PP1001-Lecture5-Civilrts-socialmovements

PP1001-Lecture5-Civilrts-socialmovements - Social Movements...

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Social Movements: basic principle is equality
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Movements are more than a policy. They are characterized by: A big picture “cause” A long timeframe: A host of policies Significant resistance
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Civil Rights Movement Distinction between civil rights and civil liberties Civil rights: rights granted by the government to citizens in order to protect individuals against unequal treatment and fairness (race, gender, disability, etc.) Civil liberties: basic rights guaranteed to all citizens (freedom of speech, right to privacy, right to be free from unreasonable searches of your home, right to a fair court trial, right to marry, right to vote, etc.) Like many other movements, goal is achieving equality Political equality: all citizens have the right to participate in the government, and to choose or remove public officials by voting Social equality: all citizens of a society have completely equal treatment, opportunity, and access to resources Economic equality: all citizens are equally wealthy, and have the same status in the economy, because they have had the same opportunities, non discriminant on race, gender, skill, culture, or wealth condensation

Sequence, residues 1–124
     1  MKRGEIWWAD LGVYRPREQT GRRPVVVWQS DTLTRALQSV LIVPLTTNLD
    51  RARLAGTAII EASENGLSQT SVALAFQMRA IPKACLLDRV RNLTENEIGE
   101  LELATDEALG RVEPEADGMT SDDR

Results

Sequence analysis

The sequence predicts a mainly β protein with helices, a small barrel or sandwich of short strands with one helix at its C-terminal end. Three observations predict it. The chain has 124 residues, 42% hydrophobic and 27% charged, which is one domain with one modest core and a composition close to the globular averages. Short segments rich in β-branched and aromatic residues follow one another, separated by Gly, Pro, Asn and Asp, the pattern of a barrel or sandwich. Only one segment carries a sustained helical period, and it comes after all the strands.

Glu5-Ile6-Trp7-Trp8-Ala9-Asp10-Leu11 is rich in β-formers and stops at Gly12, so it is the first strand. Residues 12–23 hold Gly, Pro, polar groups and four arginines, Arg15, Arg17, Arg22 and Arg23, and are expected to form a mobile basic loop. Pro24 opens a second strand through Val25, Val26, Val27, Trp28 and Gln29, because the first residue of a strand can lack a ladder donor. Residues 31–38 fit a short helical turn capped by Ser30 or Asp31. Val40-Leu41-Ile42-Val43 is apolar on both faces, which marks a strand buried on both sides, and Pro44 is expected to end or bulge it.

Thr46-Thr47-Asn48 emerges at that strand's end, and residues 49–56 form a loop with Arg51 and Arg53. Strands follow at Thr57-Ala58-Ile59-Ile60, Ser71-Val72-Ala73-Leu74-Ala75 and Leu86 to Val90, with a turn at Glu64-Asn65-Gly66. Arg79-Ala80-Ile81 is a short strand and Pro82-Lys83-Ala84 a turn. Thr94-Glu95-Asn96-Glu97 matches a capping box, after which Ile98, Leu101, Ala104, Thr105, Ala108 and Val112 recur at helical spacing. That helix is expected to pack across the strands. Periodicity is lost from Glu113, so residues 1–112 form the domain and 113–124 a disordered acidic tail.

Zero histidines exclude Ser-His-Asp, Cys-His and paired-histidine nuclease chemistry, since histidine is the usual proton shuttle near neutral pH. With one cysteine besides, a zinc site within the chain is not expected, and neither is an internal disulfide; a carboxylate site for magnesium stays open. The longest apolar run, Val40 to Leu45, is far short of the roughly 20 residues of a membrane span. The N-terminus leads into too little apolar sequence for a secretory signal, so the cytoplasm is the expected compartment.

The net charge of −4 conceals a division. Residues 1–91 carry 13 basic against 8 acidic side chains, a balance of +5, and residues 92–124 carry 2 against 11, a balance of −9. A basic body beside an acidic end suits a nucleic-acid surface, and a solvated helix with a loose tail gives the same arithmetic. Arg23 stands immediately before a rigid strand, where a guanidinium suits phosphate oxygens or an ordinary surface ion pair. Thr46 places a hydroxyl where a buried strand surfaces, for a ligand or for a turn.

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Civil Rights Movement In the revolutionary period Dred Scott decision (1857) Supreme Court declared that no slave or descendent of a slave could be a U.S. citizen or ever had been a U.S. citizen. Ultimately widened the political and social gap between the North and South and took the nation closer to the brink of the Civil War, Emancipation Proclamation (1863) Order issued in 1863 by Abraham Lincoln that proclaimed the freedom of 3.1 million slaves
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This note was uploaded on 03/29/2011 for the course PP 1001 taught by Professor Dautrich during the Spring '08 term at UConn.

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PP1001-Lecture5-Civilrts-socialmovements - Social Movements...

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